Colors of Nepal: Kathmandu, Boudha, Bakthapur, Patan, Pharpin
Peter Takeuchi, 2013
Paperback: 120 pages
Publisher: CreateSpace Independent Publishing Platform (November 27, 2013)
From the introduction:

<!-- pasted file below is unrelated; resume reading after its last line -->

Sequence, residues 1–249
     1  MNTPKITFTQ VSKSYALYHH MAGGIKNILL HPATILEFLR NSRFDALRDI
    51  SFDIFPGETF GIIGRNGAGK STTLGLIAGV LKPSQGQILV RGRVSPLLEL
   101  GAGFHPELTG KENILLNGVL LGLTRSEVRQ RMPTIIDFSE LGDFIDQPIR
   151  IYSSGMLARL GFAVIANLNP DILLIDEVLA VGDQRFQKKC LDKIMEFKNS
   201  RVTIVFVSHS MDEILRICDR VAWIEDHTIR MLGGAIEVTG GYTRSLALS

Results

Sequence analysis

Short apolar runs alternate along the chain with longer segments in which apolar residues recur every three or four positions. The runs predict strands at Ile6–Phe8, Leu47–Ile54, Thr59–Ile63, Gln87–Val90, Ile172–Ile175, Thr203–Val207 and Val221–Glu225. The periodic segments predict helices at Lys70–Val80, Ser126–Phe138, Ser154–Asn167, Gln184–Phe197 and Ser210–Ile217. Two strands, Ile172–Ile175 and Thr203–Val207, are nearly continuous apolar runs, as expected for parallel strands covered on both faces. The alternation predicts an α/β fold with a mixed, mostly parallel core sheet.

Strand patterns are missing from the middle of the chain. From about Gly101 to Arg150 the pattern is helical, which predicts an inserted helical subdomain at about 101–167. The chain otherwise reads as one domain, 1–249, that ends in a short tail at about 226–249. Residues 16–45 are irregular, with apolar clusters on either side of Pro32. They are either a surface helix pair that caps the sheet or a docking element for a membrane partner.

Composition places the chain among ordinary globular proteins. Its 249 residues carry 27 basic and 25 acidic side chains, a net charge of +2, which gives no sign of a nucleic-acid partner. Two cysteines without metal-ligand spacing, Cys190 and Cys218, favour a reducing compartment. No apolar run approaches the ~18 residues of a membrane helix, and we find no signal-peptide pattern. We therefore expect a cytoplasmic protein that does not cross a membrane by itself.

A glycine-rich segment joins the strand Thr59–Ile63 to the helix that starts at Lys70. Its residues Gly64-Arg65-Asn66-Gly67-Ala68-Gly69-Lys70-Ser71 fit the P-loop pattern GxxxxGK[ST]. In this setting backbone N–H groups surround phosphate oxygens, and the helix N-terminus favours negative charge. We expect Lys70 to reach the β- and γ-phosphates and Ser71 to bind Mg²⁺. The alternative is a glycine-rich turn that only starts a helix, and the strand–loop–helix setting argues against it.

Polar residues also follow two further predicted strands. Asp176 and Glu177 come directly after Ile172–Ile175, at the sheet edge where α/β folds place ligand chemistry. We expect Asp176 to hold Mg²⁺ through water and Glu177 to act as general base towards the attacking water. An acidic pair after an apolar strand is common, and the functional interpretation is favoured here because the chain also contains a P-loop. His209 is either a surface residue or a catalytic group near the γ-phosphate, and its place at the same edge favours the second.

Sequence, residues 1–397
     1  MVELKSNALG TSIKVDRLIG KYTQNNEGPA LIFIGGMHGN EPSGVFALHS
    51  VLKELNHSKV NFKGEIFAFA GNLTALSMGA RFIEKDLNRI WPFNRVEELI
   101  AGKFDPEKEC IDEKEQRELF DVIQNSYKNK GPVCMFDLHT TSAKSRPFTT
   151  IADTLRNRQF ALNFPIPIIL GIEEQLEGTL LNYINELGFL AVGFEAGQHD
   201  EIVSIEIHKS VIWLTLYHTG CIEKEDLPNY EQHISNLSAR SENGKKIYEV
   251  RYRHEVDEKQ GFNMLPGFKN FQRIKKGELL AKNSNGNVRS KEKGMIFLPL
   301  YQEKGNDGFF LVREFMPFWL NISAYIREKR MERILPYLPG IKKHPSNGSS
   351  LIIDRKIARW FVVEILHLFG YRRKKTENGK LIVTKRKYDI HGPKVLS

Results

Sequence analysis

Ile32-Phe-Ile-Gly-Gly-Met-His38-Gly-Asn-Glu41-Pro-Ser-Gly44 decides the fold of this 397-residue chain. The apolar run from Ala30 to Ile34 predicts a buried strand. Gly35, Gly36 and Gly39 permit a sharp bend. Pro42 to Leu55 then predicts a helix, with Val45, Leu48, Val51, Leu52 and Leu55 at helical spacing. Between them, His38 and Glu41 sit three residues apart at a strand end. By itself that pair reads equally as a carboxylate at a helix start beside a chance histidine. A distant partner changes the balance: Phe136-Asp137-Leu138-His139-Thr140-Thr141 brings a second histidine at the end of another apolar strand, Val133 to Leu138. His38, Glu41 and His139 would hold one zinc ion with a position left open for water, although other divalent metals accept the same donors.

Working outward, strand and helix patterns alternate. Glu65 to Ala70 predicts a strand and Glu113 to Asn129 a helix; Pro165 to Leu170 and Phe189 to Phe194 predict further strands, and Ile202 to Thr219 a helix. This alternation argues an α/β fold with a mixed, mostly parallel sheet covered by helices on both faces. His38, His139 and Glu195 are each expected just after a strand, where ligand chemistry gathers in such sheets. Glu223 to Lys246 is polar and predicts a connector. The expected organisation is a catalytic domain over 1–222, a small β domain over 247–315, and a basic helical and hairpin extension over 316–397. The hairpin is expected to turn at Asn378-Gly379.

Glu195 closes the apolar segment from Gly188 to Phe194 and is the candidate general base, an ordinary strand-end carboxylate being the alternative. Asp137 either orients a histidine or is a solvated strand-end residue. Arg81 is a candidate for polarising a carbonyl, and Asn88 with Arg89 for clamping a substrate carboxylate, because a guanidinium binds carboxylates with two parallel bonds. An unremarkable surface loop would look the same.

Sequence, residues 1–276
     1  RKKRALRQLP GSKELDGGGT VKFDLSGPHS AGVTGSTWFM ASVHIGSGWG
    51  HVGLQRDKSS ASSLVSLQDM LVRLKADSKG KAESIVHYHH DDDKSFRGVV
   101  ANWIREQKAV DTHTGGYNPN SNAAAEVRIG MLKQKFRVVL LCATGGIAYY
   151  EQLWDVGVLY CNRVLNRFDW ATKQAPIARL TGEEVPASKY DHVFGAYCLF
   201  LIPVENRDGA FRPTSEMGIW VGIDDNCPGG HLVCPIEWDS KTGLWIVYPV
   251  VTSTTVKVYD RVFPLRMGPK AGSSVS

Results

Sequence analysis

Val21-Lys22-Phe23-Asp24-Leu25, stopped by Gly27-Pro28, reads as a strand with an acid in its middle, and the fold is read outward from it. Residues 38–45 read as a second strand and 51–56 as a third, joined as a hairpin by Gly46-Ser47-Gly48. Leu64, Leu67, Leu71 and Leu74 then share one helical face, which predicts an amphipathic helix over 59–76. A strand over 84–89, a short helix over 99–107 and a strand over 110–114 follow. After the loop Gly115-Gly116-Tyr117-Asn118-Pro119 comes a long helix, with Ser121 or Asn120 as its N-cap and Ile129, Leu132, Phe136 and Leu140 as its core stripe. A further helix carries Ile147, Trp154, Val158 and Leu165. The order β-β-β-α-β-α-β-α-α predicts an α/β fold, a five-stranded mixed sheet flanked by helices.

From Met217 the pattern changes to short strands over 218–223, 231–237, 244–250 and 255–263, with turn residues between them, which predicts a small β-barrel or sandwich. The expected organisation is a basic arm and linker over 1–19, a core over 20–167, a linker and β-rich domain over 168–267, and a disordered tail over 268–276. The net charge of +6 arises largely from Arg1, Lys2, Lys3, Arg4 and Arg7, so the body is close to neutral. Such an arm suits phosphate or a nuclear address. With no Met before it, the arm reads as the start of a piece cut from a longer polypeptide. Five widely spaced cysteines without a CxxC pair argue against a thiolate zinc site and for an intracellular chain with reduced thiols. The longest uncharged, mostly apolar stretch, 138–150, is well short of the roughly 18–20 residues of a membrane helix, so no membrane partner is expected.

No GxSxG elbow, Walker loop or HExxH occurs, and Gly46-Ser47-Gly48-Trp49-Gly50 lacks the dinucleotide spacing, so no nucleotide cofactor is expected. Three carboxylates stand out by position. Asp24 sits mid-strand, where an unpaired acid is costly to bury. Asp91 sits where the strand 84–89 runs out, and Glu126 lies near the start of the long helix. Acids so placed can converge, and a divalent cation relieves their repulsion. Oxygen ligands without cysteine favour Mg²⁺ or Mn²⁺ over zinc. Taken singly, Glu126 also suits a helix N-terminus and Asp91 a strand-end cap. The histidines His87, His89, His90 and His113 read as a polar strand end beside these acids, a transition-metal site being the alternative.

In the late 1960s, Nepal was a popular destination for some of my affluent Hippie friends. It was an exotic place, ruled by a King, with friendly people, spectacular scenery, cheap beer, and good “ganja.” They returned with wild stories of dancing and drinking parties and trekking through remote mountain villages, but I never went. After working in the movie business for 25 years, and raising two kids, I retired in 2004 and travelled throughout Asia. Then in 2007, I met a wonderful woman in Tibet, and convinced her to marry me. Helena designs jewelry, buys precious stones in India and crafts her pieces in Nepal and Thailand. So, I made it to Nepal, but it was a very different place, embroiled in a civil war between Maoists in the countryside and the Monarchy in Kathmandu. Students demonstrated against the government and police fired tear gas at them. Starving children were begging in the streets. We stayed in the Thamel district of the city where hotels, bars, restaurants and handicraft shops lined every narrow street. Taxis, motorcycles and tourists competed for space. Nepal was nothing like the stories I heard. Nepal is a poor country, in fact, I consider it a failed state. Officials cannot agree on any issue and refuse to write a new constitution. Corruption runs rampant and if foreign aid and NGOs stop pouring cash into the economy, the country would probably collapse. Here is a land with an abundance of fresh water flowing from the Annapurna and Himalaya mountain ranges, yet they suffer from power outages most of the day and their drinking water is polluted. Dirt streets turn into muddy streams during monsoon season. Healthcare and education are only available to those who can afford it. So, we moved from Kathmandu to the suburb of Boudha and explored the ancient towns of Patan and Bhaktapur, all UNESCO World heritage sites. We enjoy walking and my wife loves to shop, so we see and meet many of the local people. I carry a black Micro 4/3 camera, with a 40mm prime lens and take many photos. A person or group catches my eye, then the background and I search for natural light and the best angle. This happens quickly, so I simply set the aperture and let the camera do the rest. I've learned that the camera does it better and much faster than me. Smiling, looking people in the eye and asking politely before taking their photo almost always works, particularly in Nepal. Most, despite their poverty, their clothes, or hair, pause and look into the lens; not with a “Kodak smile,” but an honest look that shows in their eyes. Afterwards, I show the digital image to them and offer to email it, but most don't have email, a computer, smartphone or internet access. Beauty is subjective and comes in many colors; some bright, some dark. What interests me are real people in real life situations. Beautiful people and places do not inspire me, but I see beautiful beggars, workers and street dogs. Capturing this reality in a fleeting moment, with my camera and limited technical skills is my intent. I want you to see the subject or situation and feel the emotion that charged that moment in time. That emotion can be joyous or sad and I hope it is felt in your heart. Colors of Nepal is my first book. The photos were shot over two five-month periods in 2012-13, mostly in Kathmandu, Boudha, Bakthapur, Patan, and Pharpin. Friends looked at my photos and read the stories and encouraged me to do a book, then some of them actually did it for me. I’m very grateful.